Happy 30th BWCA!

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Happy 30th BWCA!

Postby PaddlerJimmy » Wed Nov 12, 2008 12:44 pm

30 Years Later, BWCA Beginnings Still Contentious
Don Shelby ELY, Minn. (WCCO), 11/10/2008 ― The Boundary Waters Canoe Area is the most visited wilderness area in the United States, and this fall Minnesota celebrates its birthday. It was 30 years ago when President Jimmy Carter signed into law the protection of the BWCA forever.

Boundary Waters' one-time president, the legendary Sigurd Olson, wrote: "I have found that people go the wilderness for many things, but the most important is perspective. They may think they go for fishing or the scenery or the companionship, but in reality, it is something much deeper. They go to the wilderness for the good of their souls."

But for many, the transition 30 years ago was hardly as tranquil as Olson's words.

The trees and rocks and water don't show it, but the people of Ely remember when elitist environmentalists from the Twin Cities started to put definitions on how the land they lived in could be used.

"For decades there's been resentment by some in the local communities of outsiders, or the federal government telling them what they can and cannot do in their backyards, here in the Boundary Waters," said Kevin Proescholdt of the Izaak Walton League and co-author of "Troubled Waters," the history of the landmark battle to preserve the BWCA.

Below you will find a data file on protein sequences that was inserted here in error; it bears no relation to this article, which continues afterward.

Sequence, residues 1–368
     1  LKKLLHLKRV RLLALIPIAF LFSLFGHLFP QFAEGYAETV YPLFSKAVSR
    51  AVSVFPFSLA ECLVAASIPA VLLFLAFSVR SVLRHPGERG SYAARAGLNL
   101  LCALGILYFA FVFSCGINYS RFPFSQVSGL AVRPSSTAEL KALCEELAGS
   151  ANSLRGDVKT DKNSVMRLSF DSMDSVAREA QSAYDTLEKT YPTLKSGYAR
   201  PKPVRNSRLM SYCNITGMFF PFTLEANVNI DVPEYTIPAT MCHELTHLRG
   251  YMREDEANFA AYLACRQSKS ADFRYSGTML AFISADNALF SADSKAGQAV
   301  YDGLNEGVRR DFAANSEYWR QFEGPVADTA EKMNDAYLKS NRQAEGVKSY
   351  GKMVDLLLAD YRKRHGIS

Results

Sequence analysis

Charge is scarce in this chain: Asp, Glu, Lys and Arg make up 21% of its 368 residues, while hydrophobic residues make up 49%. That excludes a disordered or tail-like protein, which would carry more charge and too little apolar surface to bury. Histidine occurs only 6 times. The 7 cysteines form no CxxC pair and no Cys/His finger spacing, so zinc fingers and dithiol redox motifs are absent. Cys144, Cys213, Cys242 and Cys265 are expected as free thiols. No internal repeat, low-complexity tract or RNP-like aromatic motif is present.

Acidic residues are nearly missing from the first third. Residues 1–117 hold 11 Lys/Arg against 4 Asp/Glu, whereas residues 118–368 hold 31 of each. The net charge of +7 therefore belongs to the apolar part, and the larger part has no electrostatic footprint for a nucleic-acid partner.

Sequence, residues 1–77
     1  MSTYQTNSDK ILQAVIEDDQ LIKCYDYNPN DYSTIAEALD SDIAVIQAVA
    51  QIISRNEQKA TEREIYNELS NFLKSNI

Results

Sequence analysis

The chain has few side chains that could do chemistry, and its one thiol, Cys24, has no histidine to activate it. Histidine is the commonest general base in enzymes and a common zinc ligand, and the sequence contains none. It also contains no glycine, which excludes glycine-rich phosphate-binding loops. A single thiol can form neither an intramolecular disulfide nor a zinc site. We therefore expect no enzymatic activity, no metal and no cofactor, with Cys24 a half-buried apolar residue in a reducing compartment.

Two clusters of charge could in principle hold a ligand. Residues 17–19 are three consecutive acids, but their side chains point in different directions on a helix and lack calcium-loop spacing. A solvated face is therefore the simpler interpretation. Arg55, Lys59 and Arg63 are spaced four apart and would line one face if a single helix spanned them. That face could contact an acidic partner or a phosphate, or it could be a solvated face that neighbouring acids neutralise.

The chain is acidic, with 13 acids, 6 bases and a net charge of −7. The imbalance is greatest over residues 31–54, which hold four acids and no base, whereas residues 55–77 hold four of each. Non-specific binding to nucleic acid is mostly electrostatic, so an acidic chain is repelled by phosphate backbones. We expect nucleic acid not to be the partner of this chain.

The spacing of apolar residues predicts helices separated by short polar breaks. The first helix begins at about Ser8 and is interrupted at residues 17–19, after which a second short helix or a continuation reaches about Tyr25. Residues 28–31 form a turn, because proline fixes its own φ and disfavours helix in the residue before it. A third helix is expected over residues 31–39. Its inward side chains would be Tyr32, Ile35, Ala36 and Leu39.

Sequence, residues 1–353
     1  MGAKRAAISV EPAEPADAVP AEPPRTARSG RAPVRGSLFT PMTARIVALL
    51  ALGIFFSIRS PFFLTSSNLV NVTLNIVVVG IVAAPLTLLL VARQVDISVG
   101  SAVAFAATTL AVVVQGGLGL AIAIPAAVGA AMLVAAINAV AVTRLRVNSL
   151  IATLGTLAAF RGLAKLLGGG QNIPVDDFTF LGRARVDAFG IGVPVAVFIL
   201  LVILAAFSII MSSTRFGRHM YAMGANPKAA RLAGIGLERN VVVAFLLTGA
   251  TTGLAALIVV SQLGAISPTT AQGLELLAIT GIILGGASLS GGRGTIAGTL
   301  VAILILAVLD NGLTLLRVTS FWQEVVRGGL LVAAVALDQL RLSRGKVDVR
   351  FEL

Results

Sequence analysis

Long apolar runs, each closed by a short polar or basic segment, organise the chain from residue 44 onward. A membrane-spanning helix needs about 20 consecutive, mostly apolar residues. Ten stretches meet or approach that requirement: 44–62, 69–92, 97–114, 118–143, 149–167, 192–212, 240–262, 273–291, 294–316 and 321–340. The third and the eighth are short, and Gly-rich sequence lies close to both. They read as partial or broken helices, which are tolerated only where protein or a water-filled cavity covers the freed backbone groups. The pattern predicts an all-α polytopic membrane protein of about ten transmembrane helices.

Not only were people's homes, resorts and businesses in Ely destroyed in the process, but the political fortunes of some of Minnesota's most famous figures were turned on their head.

Congressman Don Fraser led the fight to protect the BWCA, but to do so he had to take on fellow Democratic congressman Jim Oberstar, in whose district could be found the very resorts and voters he was trying to protect.

"It was stepping on one of the most sacred congressional prerogatives there is. But Don is a guy of great principle," said Proescholdt. "He believed that this is a national interest area that was owned by everybody in the country, and he was willing to step on that congressional prerogative."

Under the new bill, mining interests would be hurt, logging would be stopped, motorboats would be banned and so would snowmobiles.

Oberstar had his own ideas and his own bill. In it, he fought for his voters, which meant he had to fight the environmentalists.

"I think Jim has always had an environmental ethic," said Proescholdt. "He's one of the leaders in the Congress on clean water issues today."

Proescholdt's book "Troubled Waters" details a contentious battle for wilderness largely forgotten by a generation of Minnesotans, a fight that remains on the minds of those who lost what they believed was theirs to outside interests.

When asked if anyone explained to residents that the shuttering of their lifestyle was also in their country's best interests, Proescholdt reasoned, "I'm not sure anyone ever explained it enough or in ways that made sense to those people who had lost their resorts or their cabins. Because it's hard to see, it's hard to understand and it was very personal, as you say, to many people."

Sigurd Olson, the spirit of the BWCA, was hanged in effigy in his own town of Ely. He died in 1982, but his work and his words live.

"Ask those who have known wilderness and it will kindle a light in the eyes that have reflected the campfires of a continent, dawns, sunsets and nights under the stars. They know when pressure becomes more than they can stand, somewhere, where roads and steel are still forgotten, they will find release."
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